With manufacturers just starting to recover from COVID-related shutdowns and supply-chain challenges, few are preparing for a second wave.
While the economy is showing improvements, many parts of the country are experiencing a spike in COVID-19 infections, resulting in the roll back of reopening plans. Making matters worse, experts predict a second wave of outbreaks could strike a deeper blow toward the end of the year. All told, a full economic recovery could take ten years or more with new risks and challenges every step of the way.
With manufacturers just starting to recover from pandemic-related shutdowns and supply-chain challenges, few are preparing for a second wave. Would you be ready now to handle more shipment delays, supplier challenges, shifts in consumer spending, new government regulations, employee health issues, and more? The pandemic has reinforced the value of agility, but agility is difficult to achieve if you’re still reeling from the initial pandemic impacts – especially if you haven’t figured out what made you vulnerable in the first place.
The good news is there’s still time to enlist risk teams, ready supply chains, and pivot where necessary. But time is of the essence – and you need data and visibility to be successful.
Where Are You Now?
When COVID-19 started spreading in the U.S., the resulting supply-chain disruptions spurred the biggest production output decline since WWII. Some 97% of executives surveyed in June said they experienced a pandemic-related supply-chain disruption. At one company, mandated shutdowns caused a quarterly loss of $1.8 billion.
It’s going to be a long road to recovery. While total industrial production in June rose by 5.4%, it still remained 10.9% below its pre-pandemic level in February.
Risk and manufacturing leaders need to take steps now to build resiliency into daily operations. Don’t wait until conditions worsen to react. Anticipate various risk scenarios to build a game plan that will put you in a position to absorb the shocks that could be coming.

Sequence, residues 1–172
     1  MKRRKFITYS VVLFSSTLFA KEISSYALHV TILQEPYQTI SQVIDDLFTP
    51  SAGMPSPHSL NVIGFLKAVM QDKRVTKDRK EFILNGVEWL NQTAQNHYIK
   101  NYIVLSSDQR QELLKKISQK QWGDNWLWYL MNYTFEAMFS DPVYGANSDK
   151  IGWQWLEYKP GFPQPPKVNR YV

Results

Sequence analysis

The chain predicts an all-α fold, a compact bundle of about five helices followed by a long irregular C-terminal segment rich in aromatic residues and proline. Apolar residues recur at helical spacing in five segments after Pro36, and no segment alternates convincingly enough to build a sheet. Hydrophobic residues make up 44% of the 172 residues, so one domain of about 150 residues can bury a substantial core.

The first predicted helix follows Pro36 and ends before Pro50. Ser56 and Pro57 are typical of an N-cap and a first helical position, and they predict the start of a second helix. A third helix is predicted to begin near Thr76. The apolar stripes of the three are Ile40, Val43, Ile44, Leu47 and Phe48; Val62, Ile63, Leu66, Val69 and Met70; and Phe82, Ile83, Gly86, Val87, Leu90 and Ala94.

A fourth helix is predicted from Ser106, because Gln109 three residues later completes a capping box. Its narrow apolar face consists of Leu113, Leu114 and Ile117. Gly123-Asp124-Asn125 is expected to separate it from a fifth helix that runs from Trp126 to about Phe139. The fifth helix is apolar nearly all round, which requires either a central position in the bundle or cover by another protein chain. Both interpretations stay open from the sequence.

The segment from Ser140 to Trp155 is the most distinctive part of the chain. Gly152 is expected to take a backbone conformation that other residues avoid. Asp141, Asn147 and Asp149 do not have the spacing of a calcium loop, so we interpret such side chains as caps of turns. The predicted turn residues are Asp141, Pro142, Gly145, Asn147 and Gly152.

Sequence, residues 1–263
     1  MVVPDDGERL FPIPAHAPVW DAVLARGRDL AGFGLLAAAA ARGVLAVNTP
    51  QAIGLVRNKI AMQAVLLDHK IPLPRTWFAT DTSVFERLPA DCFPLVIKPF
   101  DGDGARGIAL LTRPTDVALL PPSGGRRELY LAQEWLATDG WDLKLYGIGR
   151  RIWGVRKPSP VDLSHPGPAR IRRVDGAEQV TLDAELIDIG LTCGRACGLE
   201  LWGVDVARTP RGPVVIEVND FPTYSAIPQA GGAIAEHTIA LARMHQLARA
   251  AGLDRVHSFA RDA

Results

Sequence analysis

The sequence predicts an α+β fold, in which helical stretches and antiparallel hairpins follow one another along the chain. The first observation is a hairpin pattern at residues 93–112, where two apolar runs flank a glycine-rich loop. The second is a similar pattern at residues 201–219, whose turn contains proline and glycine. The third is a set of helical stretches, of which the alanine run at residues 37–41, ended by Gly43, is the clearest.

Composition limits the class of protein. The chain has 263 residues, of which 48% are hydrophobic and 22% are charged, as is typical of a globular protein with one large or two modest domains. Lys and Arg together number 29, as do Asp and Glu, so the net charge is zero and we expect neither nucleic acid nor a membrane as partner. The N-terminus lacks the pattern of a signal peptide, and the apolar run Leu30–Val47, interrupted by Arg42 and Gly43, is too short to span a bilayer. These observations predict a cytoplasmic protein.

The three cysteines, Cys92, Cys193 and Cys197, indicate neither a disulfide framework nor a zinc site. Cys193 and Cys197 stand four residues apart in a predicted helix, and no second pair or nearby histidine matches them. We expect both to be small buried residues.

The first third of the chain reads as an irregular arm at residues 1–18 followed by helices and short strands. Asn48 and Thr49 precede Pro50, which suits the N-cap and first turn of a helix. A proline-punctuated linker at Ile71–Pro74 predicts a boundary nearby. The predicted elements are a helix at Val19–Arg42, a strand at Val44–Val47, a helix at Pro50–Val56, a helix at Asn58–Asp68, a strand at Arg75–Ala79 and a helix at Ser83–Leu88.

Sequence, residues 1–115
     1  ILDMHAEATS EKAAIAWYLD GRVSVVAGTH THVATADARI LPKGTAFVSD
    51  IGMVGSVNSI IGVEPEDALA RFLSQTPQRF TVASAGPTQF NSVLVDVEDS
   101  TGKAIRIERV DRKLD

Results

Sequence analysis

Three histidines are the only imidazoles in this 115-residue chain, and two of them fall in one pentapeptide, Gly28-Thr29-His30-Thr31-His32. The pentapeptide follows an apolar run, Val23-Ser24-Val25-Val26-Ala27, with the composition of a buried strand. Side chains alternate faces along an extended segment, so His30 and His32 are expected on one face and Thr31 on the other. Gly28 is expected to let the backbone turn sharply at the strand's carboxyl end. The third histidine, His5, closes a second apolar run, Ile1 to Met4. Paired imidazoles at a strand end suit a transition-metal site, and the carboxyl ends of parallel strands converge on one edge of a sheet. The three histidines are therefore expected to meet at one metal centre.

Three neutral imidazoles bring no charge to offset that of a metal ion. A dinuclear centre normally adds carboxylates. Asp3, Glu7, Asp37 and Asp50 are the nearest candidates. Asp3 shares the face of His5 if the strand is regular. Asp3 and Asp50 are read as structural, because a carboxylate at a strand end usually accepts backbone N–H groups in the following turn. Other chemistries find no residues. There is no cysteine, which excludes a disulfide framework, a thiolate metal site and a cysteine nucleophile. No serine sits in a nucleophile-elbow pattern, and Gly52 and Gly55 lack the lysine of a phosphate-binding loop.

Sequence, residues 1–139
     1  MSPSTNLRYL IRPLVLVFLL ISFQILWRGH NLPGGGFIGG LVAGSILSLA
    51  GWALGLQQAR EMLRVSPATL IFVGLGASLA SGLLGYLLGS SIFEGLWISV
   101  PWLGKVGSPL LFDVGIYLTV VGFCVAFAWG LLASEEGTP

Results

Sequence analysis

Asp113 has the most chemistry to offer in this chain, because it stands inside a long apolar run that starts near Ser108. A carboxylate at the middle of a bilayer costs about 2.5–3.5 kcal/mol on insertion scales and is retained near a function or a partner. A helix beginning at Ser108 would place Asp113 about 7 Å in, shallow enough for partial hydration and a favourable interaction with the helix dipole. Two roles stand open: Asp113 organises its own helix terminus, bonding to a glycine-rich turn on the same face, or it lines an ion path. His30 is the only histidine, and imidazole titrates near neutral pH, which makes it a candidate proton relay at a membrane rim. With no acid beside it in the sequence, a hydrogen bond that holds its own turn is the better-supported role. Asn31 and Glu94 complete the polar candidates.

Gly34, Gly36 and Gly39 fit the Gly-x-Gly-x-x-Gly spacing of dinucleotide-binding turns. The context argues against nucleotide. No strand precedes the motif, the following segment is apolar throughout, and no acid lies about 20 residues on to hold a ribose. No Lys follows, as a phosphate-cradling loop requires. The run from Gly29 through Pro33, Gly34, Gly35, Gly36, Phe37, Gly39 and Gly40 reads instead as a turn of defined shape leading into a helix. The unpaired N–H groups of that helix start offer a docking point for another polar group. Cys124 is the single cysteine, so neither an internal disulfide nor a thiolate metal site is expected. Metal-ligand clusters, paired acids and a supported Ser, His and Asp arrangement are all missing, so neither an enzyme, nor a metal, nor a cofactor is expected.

Strengthen Your Vulnerabilities
Manufacturers now have the benefit of knowing which areas of the business are most vulnerable to disruption, and you can use that knowledge to enhance resiliency accordingly. Consider the following to minimize surprises in the event a second wave hits.
1. Third-party risk.
Do you have full visibility into your third-party risk exposure? Do you have vetted, viable alternate suppliers to tap if needed? Will your suppliers have the financial resources to meet their contractual obligations if a second wave hits? If one country is central to your supply chain, what would happen if cases surged in that country? If you’re unsure, act now.
Gauge the health of your third-party suppliers with a risk assessment questionnaire that focuses on coronavirus-related business threats. Understand if suppliers are limiting service, if they can meet demand, and if they are experiencing financial distress that could blow back on your company. These insights will help you identify which vendors have high risk levels, so you can adapt as necessary. Conduct these assessments frequently and monitor vendor risk regularly to capture any status changes.
2. Workforce challenges.
Do you have clear and enforceable policies around self-reporting infections and contact tracing? Are you meeting social-distancing guidelines by ensuring there are at least six feet between employees at all times? Have you installed barriers between workstations? And have you staggered shifts to minimize the number of workers in the building?
What about contingency plans if the CEO or other key employee falls ill? Communicate openly and honestly with your employees about the new plans and policies in place to keep them safe, addressing with care any concerns they may have about returning to work during the pandemic. Don’t forget to digitally document the steps you take for compliance purposes in the event you are required to prove that you took appropriate action.
3. Operational challenges.
Has complying with safety measures or other new requirements impacted your ability to meet demand? Are consumer behavior changes impacting certain product lines, leaving you with too much – or too little — inventory? What do you need to focus on right now? What conditions would necessitate slowing down or halting reopening?
Be creative when identifying risks and consider what you might have previously overlooked. It’s important to have accurate, timely, and centralized risk data across all domains of risk on which to base your decisions. Look at where risks converge, what interdependencies exist, and what the resulting impact could be. Then your team can identify vulnerabilities, assess the impact, and make quick, informed, strategic decisions as conditions evolve.
Organizations that will successfully come out on the other side of a second wave of the coronavirus will have learned from the first round and applied that knowledge to build resiliency to respond faster and more intelligently for whatever comes next.
About the Author
Jim Wetekamp is the CEO of Riskonnect, a leading provider of integrated risk management software. Jim is a recognized expert on enterprise risk, supply chain, and third-party vendor management.